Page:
3. EddaLee Morgan ( The Rumproller )
  4. Yes or NoWayne Shorter ( JuJu )
  5. FootprintsMiles Davis Quintet ( Miles Smiles )
  6. TearsWeather Report ( Weather Report )
  7. Ana MariaWayne Shorter ( Native Dancer )
  8. Aung San Suu KyiWayne Shorter and Herbie Hancock ( 1+1 )
  9. Adventures Aboard The Golden Mean (live)Wayne Shorter Quartet ( Emanon )
  10. PinocchioHerbie Hancock Quintet ( A Tribute To Miles )

Exfiltration Radio: I feel no shame

I was a sixth grader in 1983 from a very white part of town. I went from going to school less than two miles from my home to getting on a bus and riding 40 minutes every day to my middle school, one of two sitting next to each other on the edge of downtown. (Kind of reverse-busing.) The bus was loud, the older kids were scary. But… someone always had a radio.

Technically, they had a boom box. But no one ever seemed to be playing a cassette; it was almost always tuned to one of the local stations, often Z-104. I had grown up in a house that played classical radio, and when not that, easy listening (WFOG!), so the top-40 stuff that was being played was new to me.

So was the other stuff that was sometimes played. I don’t remember the station identifications, but a fair amount of what I remember wouldn’t have been played on Top-40 radio — think “Roxanne, Roxanne” or “Electric Kingdom.” So part of my memory from this time comes with no liner notes and I’m still finding some of the songs.

But the stuff that stuck the longest, earwormed the most thoroughly, was probably the adult contemporary balladry of the time. Many of them aren’t great songs! But they’re really easy to get into, even for a pop music neophyte — the “quiet storm” jazz crossover stuff like Sade’s “Sweetest Taboo” flavored some of what was going on (there’s a common thread between this stuff and Sting’s Dream of the Blue Turtles that also touched the Pointer Sisters; listen to “Automatic”).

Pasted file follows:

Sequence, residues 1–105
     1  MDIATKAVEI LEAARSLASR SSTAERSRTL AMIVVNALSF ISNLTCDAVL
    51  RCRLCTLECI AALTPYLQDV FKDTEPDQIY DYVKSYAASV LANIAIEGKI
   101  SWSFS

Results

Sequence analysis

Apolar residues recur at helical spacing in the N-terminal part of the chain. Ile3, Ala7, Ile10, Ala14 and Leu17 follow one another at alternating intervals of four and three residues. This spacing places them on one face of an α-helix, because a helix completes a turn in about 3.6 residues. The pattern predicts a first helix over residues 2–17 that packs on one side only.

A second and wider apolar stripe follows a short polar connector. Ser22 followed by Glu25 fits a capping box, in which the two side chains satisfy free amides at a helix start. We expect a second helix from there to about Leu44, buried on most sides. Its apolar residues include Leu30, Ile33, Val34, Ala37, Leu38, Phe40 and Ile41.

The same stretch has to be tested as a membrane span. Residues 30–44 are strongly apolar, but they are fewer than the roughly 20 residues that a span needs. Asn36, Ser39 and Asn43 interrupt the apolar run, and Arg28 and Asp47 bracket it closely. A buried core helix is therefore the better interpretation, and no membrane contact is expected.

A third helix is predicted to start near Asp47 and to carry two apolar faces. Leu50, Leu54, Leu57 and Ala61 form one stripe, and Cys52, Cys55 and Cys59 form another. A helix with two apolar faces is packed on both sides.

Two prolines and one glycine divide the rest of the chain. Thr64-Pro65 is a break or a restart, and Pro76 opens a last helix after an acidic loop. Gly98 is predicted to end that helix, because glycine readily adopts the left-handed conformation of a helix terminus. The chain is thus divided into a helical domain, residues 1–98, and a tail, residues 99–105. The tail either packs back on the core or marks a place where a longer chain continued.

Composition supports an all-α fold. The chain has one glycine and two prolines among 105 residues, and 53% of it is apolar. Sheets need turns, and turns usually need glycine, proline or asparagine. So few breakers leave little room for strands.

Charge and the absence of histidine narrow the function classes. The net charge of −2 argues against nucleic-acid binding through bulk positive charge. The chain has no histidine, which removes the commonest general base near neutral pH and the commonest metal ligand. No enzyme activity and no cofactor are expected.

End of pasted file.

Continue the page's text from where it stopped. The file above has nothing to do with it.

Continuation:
And then there were the really goopy ballads. Anita Baker need have felt no shame for “Sweet Love,” but oh man, “On My Own.” And “All Cried Out.” I banished them so far from my memory, I never even touched them when going through 1980s music in a series of ten mixes starting in 2003. But they’re there, and some of them might be worth more than you think.

Just maybe not Gregory Abbott. (Oh well well.)

One last note: I was reminded about more than a few of these songs courtesy of Stereogum’s The Number Ones column, which is essential reading. I’ve linked a few articles below for further reading on some of the tracks, but you should really read the whole thing.

  1. Rumors – Timex Social ClubTimex Social Club (Un, Dos, Tres…Playa Del Sol (12 Magic Summer Hits))
  2. Radio PeopleZapp (The New Zapp IV U)
  3. FreshKool & The Gang (The Very Best of Kool & The Gang)
  4. In My HouseMary Jane Girls (20th Century Masters: The Millennium Collection: The Best of Mary Jane Girls)
  5. Juicy FruitMtume (Juicy Fruit)
  6. Mr. WrongSade (Promise)
  7. AutomaticThe Pointer Sisters (Break Out)
  8. Sweet LoveAnita Baker (Rapture)
  9. Love ZoneBilly Ocean (The Very Best of Billy Ocean)
  10. Stop to LoveLuther Vandross (80’s Pop Hits)
  11. On My OwnPatti LaBelle (’80s Pop Number 1’s)
  12. Shake You Down (Single Version)Gregory Abbott (80’s Pop Hits)
  13. All Cried Out (with Full Force)Lisa Lisa & Cult Jam (80’s Pop Hits)
  14. Human Beat BoxFat Boys (Fat Boys)

Exfiltration Radio: new faces, new sounds

I’ve been listening to a lot of classic Blue Note recordings recently—thanks to a bad HDTracks habit—and what struck me the other day is how the composition of the recordings changes the further back you go. What had become a jazz-funk fusion label by the 1970s was principally a hard-bop label in the 1960s with an incredible stable of performers (even if you could expect to find some of them, like Bobby Hutcherson or Grant Green, on recording after recording during the period). But if you look even further back, the label was unearthing and recording new artists in the early to mid-1950s, like Jutta Hipp, Horace Silver, Gil Mellé, Kenny Drew, and others, on albums that bore the common title New Faces, New Sounds.